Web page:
You rare little bastard, you!

You rare little bastard, you!

So, the rarity factor with these wines is what makes them impossible to resist. At least for us wine people. When I hear that someone is producing St. Laurent in Carneros, my ears perk up. Must have. Need. So, the biggest question is; when you have a faraway crush for so long, will it live up to the hype? Certainly when these crushes are in human form, they almost never do. That’s why I’ve switched to wine crushes, FYI.

Right off the bat, I am enamored of the nose on this wine. Its bright and fun and flirty. Almost like a Pinot Noir. But there’s something far more savory at work here…

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Color & density-wise, this wine seems very varietally correct. I’ve written about St. Laurent in the past and found a few that I genuinely loved. This one is a bit leaner, more chiseled than past Austrian incarnations I’ve experienced. The nose is all sour cherry, but perhaps a cross between a raw sour cherry and a sour cherry compote. Some enigmatic red floral notes are hiding in the background, as well as deeper, earthier tones of peat moss, lavender, thyme, and sage. All of this is set off by a bright streak of citrus peel. Low alcohol (11.43%) make this a very buoyant wine, on the palate. Frisky and accessible, but with enough complexity to keep you interested. It drinks with frightening ease.

Balls of meat.

Balls of meat.

I made lamb meatballs this evening, and I think the high acid in this wine and its savory elements will be quite delightful with them. I’m about to find out.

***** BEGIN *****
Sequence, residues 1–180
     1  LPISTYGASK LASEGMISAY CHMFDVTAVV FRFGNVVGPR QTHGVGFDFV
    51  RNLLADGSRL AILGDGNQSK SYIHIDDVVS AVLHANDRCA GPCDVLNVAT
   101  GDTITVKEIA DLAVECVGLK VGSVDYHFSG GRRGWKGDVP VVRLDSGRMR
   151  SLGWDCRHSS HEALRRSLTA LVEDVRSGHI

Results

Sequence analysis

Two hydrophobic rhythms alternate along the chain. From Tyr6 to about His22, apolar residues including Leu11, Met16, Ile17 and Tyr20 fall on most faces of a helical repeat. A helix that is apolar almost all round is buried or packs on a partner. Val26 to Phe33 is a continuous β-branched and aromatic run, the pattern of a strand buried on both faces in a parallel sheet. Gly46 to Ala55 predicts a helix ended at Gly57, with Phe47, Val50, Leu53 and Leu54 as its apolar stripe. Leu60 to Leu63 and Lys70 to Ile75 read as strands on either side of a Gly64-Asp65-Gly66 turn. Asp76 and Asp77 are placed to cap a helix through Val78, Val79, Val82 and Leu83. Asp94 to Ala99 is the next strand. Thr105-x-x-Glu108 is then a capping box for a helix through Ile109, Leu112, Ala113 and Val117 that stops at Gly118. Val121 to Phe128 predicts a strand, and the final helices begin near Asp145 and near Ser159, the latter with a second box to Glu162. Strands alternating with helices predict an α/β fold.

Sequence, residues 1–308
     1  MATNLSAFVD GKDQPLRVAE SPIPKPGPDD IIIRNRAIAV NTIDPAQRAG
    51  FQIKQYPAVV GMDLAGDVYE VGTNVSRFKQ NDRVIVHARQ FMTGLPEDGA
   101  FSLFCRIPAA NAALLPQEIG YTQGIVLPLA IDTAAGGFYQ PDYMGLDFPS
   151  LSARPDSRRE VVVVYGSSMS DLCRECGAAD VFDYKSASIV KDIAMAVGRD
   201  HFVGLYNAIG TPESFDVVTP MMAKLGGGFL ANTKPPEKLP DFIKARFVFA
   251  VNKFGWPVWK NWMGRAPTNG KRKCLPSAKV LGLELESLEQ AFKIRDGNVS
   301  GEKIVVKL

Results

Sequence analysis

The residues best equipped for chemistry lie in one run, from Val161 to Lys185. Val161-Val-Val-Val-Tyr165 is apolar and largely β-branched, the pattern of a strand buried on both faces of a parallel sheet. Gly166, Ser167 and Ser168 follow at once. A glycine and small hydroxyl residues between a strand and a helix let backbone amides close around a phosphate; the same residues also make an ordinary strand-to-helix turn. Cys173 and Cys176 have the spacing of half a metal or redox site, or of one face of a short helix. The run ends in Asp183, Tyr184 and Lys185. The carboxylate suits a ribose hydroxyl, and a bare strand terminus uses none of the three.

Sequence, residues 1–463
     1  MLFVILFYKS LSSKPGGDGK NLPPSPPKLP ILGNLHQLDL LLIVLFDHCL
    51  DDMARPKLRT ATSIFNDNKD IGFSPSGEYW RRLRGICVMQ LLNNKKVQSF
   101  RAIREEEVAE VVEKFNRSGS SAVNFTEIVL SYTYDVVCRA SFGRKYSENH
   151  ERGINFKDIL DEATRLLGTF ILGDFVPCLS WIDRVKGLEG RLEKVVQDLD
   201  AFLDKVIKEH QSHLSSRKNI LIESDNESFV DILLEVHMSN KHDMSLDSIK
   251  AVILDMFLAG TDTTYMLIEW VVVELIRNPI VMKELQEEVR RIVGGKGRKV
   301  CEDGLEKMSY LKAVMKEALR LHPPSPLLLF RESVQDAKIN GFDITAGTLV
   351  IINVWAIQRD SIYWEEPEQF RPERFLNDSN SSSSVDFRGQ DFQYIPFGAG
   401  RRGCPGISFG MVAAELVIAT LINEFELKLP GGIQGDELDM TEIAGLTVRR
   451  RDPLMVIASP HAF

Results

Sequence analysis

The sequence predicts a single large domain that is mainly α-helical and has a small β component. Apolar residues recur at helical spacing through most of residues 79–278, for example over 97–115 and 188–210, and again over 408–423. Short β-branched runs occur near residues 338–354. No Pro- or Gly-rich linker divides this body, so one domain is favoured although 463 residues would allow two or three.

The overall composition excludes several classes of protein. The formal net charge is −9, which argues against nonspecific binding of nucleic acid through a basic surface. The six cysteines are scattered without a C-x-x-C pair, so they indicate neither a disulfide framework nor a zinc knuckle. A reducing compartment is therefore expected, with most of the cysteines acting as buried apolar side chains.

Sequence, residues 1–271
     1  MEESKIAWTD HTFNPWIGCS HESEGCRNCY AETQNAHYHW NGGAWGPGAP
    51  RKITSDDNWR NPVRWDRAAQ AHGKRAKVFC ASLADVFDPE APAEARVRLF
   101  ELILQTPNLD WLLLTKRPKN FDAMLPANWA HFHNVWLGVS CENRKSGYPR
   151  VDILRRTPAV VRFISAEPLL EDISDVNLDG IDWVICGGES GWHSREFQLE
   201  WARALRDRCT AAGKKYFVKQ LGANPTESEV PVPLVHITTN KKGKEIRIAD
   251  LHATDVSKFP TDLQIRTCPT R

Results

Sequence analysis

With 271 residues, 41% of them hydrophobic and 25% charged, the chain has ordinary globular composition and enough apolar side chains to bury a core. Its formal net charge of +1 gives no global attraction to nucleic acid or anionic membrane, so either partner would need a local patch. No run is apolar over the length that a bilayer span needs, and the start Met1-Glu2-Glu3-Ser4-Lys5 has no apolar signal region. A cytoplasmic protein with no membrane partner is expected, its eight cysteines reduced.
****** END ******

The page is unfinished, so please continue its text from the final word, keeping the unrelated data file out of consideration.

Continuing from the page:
Its fun to mention that Forlorn Hope winemaker Matthew Rorick makes the *only* 100% St. Laurent in California. The grapes are sourced from the Ricci Vineyard, owned by Dale Ricci, and originally planted as something of an experiment. Whole cluster fermented with 10 months in (old) barrels. Just 24 cases were produced in the 2012 vintage; in 2013, it jumped to 237- probably the only reason I got to have any.

For what its worth, a far more creative and brilliant individual than I, Hawk Wakawaka Wine Reviews, has written much about the 2012 vintage of this wine here and here. Do yourself a favor and go check them out. Speaking of crushes… I love everything Elaine does. Spend a few hours on her site and you’ll see why.

Before I sign off, MERRY CHRISTMAS to all friends near and far! My first Christmas Eve in Oregon has been wonderful. The sun came out, and I went tasting at Adelsheim….

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It didn’t suck at all. I dropped in on the O’Donnell’s and was treated to a dozen freshly lain eggs from the farm. Now I sit in my flannel pants listening to Vince Guaraldi while my meatballs simmer.

Quite content, I am.

 

This wine was purchased at Storyteller Wine Company for $28. 

If you go see James at Morganelli’s in Columbia SC, he may have some Forlorn Hope wines available. No promises, though.

 

Sunday Funday: “The G Spot” White Blend

Time for some Sunday Funday reading! And drinking. And maybe a pun here and there about G-spots. Are you feeling okay about all this? Good. Let’s go!